Popular artificial sweetener associated with risk of heart attack and stroke
Patients with high levels of erythritol in their blood were twice as likely to have a heart attack or stroke.
A popular artificial sweetener, erythritol, has been linked to blood clotting, heart attack, stroke, and death, according to a study published February 27 in the journal Nature Medicine. Individuals with elevated factors for heart disease–such as diabetes–were twice as likely to have a heart attack or stroke if their blood contained high levels of erythritol in their blood.
Erythritol and other artificial sweeteners like aspartame and saccharin are common replacements for table sugar in low-calorie, low-carbohydrate, and “keto” branded products. “Sugar-free” products like those containing erythritol are often recommended for individuals with diabetes, metabolic syndrome, or obesity and are looking for options to help manage their sugar or calorie intake.
The product, which can be called a “natural” sweetener because it is made in very small amounts by the human body and in fruits and vegetables, has increased in popularity in recent years. A 2022 report from research firm NielsenIQ found that sales growth for products with erythritol grew by 43 percent over two years and products that claim to have “natural sweeteners” in them grew by 91 percent.
[Related: What we know about diet soda’s connection to heart disease, stroke, and early death.]
“Sweeteners like erythritol have rapidly increased in popularity in recent years but there needs to be more in-depth research into their long-term effects,” said senior author Stanley Hazen, chairman for the Department of Cardiovascular & Metabolic Sciences in Lerner Research Institute and co-section head of Preventive Cardiology at Cleveland Clinic, in a statement. “Cardiovascular disease builds over time, and heart disease is the leading cause of death globally. We need to make sure the foods we eat aren’t hidden contributors.”
In the study, the researchers looked at over 4,000 people in the United States and Europe who were undergoing cardiac evaluation. They found that subjects with higher blood erythritol levels were at elevated risk of experiencing a heart attack, stroke, or death.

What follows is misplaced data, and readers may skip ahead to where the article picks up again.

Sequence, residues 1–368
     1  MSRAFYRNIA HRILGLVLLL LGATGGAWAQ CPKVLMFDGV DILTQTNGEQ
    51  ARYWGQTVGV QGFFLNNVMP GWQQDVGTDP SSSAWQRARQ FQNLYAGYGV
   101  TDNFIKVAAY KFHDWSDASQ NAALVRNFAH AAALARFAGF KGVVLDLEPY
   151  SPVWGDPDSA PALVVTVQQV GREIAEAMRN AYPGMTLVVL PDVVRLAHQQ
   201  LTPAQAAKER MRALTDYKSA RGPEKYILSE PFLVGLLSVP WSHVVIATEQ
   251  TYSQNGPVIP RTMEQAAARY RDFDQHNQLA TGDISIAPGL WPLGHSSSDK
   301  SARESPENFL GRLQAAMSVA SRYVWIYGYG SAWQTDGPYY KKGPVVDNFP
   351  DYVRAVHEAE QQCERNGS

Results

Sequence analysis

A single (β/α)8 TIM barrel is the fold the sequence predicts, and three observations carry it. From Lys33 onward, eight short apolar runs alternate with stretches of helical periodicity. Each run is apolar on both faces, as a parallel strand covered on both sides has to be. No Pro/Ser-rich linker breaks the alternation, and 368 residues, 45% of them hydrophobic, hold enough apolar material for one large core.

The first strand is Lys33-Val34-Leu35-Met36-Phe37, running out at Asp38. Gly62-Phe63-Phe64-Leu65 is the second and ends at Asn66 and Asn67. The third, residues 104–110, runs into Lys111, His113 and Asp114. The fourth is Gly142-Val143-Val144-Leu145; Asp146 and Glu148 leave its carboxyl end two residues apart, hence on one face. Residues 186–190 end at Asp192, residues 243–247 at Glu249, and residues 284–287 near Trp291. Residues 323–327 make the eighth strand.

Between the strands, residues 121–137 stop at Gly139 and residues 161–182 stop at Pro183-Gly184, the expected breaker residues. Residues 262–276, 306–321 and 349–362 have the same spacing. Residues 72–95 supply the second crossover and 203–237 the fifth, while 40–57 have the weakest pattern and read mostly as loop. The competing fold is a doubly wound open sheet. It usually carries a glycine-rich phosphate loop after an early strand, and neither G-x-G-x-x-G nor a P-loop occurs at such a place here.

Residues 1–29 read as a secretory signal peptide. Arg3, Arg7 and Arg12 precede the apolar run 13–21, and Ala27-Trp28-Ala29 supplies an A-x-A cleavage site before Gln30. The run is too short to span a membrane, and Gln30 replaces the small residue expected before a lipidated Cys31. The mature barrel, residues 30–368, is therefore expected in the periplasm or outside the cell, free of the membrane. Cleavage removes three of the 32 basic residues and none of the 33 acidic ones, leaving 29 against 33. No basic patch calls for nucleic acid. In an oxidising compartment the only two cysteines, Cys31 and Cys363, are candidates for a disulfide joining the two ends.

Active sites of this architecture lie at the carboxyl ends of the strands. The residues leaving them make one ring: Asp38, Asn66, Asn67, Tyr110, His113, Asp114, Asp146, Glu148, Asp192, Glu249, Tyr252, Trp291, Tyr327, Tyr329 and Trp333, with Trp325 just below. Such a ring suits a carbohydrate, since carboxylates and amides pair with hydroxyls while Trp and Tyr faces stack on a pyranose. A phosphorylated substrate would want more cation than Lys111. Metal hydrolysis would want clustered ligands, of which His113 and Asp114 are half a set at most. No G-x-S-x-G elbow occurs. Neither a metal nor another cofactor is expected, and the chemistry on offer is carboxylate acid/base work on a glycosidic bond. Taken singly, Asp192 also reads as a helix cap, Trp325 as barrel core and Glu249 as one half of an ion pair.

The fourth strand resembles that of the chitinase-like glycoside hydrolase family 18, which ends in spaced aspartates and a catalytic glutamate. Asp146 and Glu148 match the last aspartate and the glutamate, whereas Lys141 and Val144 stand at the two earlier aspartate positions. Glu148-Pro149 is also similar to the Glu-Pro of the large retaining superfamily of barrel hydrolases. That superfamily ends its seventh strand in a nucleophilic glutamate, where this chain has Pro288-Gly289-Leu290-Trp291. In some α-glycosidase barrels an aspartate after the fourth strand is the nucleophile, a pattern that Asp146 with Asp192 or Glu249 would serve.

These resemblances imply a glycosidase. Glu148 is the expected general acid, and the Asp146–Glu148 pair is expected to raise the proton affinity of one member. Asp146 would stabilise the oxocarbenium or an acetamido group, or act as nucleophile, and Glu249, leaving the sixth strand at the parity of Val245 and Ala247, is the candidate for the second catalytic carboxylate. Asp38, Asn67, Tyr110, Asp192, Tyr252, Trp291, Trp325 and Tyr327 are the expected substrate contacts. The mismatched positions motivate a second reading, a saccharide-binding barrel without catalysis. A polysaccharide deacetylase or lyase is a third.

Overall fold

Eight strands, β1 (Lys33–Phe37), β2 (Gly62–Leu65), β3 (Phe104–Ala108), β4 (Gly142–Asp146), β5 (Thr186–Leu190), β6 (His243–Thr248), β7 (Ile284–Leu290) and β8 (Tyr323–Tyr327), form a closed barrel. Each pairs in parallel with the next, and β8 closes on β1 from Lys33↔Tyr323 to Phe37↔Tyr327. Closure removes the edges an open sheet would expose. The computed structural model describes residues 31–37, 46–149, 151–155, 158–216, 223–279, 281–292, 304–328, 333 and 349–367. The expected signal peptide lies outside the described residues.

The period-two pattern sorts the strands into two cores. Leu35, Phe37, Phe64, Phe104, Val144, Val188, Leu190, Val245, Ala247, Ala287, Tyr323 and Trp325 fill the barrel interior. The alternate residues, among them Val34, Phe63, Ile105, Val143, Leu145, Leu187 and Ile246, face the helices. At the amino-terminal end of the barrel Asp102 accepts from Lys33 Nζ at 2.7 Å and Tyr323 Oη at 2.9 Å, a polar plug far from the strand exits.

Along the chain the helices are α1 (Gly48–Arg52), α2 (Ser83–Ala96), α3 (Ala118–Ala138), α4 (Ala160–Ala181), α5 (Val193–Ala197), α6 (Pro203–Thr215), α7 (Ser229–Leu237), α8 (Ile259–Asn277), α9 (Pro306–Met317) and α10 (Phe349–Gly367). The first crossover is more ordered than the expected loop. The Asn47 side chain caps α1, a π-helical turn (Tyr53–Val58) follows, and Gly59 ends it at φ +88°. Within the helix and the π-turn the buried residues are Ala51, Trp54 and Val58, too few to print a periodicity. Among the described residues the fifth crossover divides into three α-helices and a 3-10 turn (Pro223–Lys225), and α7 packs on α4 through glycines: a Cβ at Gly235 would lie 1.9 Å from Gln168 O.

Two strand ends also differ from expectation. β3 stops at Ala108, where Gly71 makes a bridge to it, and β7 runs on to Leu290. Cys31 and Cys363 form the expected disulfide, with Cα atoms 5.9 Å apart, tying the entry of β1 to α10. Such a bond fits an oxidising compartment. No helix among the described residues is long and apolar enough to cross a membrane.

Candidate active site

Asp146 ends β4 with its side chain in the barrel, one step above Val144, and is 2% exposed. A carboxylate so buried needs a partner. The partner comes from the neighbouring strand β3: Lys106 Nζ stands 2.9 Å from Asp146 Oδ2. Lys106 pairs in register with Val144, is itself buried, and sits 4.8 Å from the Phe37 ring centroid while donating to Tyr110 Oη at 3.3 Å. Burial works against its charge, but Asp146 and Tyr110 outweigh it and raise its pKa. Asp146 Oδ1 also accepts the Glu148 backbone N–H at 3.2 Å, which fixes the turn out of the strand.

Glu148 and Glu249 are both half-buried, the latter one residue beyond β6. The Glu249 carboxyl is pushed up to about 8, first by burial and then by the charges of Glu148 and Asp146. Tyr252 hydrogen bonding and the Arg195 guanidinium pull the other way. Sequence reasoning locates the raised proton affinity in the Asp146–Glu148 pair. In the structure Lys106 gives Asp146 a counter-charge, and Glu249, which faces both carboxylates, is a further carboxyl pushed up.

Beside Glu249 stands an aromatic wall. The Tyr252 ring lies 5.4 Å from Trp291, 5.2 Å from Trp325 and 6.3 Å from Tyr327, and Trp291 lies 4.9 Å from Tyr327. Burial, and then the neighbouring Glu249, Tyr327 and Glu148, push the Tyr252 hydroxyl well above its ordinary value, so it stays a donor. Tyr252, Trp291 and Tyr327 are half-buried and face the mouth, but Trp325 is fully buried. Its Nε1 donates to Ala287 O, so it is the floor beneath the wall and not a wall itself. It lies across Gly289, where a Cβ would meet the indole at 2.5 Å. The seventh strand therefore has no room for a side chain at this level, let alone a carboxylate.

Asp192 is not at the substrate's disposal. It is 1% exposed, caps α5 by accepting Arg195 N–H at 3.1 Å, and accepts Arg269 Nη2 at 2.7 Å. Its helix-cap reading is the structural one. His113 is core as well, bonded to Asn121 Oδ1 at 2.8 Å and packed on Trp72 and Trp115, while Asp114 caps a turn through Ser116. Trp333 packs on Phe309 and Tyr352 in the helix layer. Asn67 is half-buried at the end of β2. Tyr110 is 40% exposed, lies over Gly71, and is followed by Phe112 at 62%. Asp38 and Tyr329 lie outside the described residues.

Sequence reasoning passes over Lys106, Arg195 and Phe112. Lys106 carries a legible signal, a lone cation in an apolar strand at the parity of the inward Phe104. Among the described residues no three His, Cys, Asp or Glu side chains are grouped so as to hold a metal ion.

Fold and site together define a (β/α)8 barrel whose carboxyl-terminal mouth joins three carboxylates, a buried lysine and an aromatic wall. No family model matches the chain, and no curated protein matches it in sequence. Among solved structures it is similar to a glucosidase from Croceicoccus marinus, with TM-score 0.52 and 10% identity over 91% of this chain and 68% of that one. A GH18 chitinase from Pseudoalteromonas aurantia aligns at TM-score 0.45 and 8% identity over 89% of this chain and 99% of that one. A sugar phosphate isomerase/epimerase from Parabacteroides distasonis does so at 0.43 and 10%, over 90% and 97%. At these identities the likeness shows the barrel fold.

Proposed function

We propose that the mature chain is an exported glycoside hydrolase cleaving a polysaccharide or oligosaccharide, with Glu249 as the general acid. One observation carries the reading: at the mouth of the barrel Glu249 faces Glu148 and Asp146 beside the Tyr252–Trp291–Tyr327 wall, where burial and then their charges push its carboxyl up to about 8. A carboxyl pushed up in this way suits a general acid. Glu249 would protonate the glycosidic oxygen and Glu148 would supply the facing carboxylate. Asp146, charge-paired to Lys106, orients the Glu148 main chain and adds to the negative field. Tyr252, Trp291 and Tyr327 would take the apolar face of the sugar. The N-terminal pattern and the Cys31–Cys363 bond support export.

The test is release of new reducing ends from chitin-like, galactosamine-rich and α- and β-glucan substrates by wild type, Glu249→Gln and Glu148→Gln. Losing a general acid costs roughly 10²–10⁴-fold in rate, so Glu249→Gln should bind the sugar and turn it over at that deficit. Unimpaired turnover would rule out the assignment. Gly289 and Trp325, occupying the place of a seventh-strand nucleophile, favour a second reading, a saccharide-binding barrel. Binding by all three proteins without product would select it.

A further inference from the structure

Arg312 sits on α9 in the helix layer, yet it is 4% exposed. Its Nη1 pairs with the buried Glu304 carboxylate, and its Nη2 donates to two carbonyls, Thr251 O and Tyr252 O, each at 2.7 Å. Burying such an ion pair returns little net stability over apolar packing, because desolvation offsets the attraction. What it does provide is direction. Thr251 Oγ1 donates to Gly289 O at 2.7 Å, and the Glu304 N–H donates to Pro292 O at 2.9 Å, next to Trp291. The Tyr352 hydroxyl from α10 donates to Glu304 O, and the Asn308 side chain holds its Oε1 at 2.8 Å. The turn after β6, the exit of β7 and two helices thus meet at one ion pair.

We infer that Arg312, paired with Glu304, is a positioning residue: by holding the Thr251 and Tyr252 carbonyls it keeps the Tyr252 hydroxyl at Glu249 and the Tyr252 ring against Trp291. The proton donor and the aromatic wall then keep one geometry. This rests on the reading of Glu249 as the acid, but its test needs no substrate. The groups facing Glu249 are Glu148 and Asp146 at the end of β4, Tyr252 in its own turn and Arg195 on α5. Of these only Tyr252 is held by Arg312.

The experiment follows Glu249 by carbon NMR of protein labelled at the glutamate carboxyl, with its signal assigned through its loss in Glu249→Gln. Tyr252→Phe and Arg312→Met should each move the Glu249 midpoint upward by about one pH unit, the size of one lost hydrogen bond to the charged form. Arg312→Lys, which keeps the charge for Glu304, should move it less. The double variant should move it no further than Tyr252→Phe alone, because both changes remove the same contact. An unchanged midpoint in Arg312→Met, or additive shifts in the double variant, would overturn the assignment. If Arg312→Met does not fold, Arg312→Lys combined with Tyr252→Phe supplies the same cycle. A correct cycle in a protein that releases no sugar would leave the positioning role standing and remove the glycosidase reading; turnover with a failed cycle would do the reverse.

In preclinical studies, they also found some evidence erythritol increased the formation of blood clots. To do this, the team looked at the effects of adding erythritol to either whole blood or isolated platelets. These are the cell fragments that clump together to stop bleeding and contribute to blood clots. They found that erythritol made platelets easier to activate and form a clot.
“The degree of risk was not modest,” Hazen told CNN. “If your blood level of erythritol was in the top 25 percent compared to the bottom 25 percent, there was about a two-fold higher risk for heart attack and stroke. It’s on par with the strongest of cardiac risk factors, like diabetes.”
Erythritol is produced by fermenting corn and is about 70 percent as sweet as sugar. After it is eaten, it is poorly metabolized by the body and goes into the bloodstream instead. It leaves the body naturally through urine and the human body does create low amounts of erythritol naturally, so any additional consumption through diet can accumulate in the body.
[Related: Sorry, but artificial sweeteners won’t help you lose weight.]
The study’s authors note that follow-up studies are needed to confirm their findings in the general population. Additionally, the point to several limitations in the study, including that clinical observation studies demonstrate association and not causation.
“Our study shows that when participants consumed an artificially sweetened beverage with an amount of erythritol found in many processed foods, markedly elevated levels in the blood are observed for days – levels well above those observed to enhance clotting risks,” said Hazen. “It is important that further safety studies are conducted to examine the long-term effects of artificial sweeteners in general, and erythritol specifically, on risks for heart attack and stroke, particularly in people at higher risk for cardiovascular disease.”